The existence of natural diversity and a preliminary genetic architecture for photosynthesis and intrinsic WUE indicate these traits can be improved through breeding strategies. New technologies like genomic selection-prediction arises as valuable approach to overcome the phenotyping bottleneck in gas exchange. Pre-selecting SNPs for genomic prediction modeling based on the significance of associations can benefit the predictive ability. Improving photosynthesis through breeding techniques is a viable strategy to increase yield in soybean, considering their high positive genetic correlation.
ML and KR conceived and designed the experiments. ML and AX conducted the data analysis and interpretation. ML wrote and edited the manuscript. KR coordinated and supervised the research, and acquired funding.
Indiana Corn and Soybean Innovation Center endowment funds supported the field research and publication. Fulbright-Colciencias supported the student.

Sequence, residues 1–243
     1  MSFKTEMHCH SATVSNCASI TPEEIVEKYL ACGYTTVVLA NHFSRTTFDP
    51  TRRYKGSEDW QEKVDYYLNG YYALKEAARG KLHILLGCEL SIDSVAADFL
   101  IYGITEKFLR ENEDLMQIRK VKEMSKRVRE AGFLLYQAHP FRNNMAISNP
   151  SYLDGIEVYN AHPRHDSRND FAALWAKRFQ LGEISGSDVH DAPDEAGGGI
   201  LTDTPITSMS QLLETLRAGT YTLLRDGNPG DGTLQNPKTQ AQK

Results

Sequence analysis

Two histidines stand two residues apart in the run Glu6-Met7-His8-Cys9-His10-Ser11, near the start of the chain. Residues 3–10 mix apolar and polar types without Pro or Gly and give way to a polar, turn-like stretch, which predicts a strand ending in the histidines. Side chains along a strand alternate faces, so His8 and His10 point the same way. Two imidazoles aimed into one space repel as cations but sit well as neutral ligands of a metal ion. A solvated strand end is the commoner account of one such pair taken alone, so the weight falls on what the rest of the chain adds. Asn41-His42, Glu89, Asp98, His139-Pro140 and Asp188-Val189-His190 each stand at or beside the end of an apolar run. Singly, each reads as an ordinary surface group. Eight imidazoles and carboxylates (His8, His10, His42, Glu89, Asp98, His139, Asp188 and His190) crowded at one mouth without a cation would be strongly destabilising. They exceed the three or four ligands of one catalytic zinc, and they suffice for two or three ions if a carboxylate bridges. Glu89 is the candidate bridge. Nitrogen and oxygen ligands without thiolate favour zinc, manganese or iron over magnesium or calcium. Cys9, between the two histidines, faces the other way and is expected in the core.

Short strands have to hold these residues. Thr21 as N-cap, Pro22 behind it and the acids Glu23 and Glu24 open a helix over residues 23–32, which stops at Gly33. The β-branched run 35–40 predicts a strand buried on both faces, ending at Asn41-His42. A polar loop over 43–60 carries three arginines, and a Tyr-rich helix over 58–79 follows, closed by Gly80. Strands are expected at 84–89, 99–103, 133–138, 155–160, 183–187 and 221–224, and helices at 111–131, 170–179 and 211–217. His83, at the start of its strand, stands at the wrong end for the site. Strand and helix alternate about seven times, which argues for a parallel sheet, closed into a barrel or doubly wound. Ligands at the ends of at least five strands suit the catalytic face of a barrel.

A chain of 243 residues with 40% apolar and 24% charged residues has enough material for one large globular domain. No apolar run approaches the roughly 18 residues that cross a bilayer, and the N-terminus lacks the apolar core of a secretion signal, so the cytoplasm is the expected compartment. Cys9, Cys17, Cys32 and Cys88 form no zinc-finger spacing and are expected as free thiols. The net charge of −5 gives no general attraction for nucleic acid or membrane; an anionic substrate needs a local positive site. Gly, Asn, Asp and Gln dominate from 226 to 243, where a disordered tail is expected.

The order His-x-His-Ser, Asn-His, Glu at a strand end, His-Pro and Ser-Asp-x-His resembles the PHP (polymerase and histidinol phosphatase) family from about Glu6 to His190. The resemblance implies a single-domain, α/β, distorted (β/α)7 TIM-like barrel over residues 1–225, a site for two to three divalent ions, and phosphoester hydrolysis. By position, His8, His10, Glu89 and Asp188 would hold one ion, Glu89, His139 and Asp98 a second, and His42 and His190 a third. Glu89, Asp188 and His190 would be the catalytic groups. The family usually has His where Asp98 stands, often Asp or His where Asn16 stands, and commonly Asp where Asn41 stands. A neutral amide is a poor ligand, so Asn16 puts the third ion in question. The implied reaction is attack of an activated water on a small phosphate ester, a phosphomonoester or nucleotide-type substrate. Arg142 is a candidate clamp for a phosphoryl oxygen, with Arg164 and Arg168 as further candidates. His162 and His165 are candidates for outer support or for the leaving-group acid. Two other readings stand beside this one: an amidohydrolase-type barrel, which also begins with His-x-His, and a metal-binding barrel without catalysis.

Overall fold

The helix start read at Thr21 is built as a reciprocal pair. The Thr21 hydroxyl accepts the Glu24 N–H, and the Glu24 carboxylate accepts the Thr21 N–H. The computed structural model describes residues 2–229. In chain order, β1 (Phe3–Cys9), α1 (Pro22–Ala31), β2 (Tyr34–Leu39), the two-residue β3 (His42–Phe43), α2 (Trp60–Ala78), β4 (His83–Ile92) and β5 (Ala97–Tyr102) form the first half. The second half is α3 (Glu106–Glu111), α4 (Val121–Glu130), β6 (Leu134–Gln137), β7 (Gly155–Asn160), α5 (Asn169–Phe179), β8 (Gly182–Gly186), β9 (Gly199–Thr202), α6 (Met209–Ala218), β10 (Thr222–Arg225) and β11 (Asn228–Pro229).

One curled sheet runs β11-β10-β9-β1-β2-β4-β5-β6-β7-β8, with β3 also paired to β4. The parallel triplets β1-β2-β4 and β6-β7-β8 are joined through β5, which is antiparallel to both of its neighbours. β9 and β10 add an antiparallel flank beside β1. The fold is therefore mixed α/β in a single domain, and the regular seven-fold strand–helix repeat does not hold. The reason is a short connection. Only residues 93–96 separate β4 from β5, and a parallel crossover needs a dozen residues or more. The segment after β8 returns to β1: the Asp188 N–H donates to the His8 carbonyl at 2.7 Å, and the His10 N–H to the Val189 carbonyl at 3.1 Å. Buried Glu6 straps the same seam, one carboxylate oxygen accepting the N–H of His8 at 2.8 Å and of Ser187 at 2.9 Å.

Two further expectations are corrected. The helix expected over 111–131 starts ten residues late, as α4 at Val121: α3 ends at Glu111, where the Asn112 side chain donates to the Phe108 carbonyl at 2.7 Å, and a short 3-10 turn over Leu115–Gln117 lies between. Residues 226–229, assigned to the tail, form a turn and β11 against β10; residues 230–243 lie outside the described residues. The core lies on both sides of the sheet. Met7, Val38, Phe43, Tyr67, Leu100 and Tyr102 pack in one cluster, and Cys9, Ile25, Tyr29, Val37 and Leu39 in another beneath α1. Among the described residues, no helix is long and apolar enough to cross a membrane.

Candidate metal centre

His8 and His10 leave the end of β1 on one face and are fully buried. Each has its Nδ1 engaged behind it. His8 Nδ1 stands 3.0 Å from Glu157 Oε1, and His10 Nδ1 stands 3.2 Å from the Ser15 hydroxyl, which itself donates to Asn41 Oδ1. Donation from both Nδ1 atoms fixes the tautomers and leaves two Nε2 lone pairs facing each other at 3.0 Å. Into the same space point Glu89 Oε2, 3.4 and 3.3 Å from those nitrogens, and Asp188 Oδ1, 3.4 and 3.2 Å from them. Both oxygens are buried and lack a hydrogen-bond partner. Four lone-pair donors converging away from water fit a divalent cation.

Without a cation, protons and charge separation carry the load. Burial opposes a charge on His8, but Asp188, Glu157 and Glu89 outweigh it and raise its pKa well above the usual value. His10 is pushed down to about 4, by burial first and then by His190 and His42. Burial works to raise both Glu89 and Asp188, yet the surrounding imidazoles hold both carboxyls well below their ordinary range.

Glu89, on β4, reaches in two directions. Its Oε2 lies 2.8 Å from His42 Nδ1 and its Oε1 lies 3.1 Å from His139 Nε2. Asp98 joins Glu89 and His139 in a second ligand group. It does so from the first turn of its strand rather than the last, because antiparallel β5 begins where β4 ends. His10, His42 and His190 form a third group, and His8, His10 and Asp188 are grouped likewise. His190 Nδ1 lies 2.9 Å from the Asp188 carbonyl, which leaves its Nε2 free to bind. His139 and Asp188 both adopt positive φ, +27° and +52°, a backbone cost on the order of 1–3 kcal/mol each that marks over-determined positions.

Conflict of Interest Statement
The authors declare that the research was conducted in the absence of any commercial or financial relationships that could be construed as a potential conflict of interest.
We express our gratitude to Fulbright-Colciencias and Purdue Graduate School for funding the student and the Soybean Breeding Lab at Purdue for their assistance in the field work. We thank to Dr. Sergio Ochatt, Dr. Jeff Volenec, and the independent reviewers for their critical analysis of the manuscript. We also thank the North Central Soybean Research Program (NCSRP) and the United Soybean Board (USB) for funding the development of the Nested Association Panel (SoyNAM), and Brian Diers and Jim Specht for creating it.
The Supplementary Material for this article can be found online at: https://www.frontiersin.org/articles/10.3389/fpls.2019.00680/full#supplementary-material
FIGURE S1 | Comparative for yield and maturity between the phenology-controlled panel and the full Soy-NAM panel.
FIGURE S2 | Light response curve for random selected soybean cultivars to determine the stable phase in photosynthesis.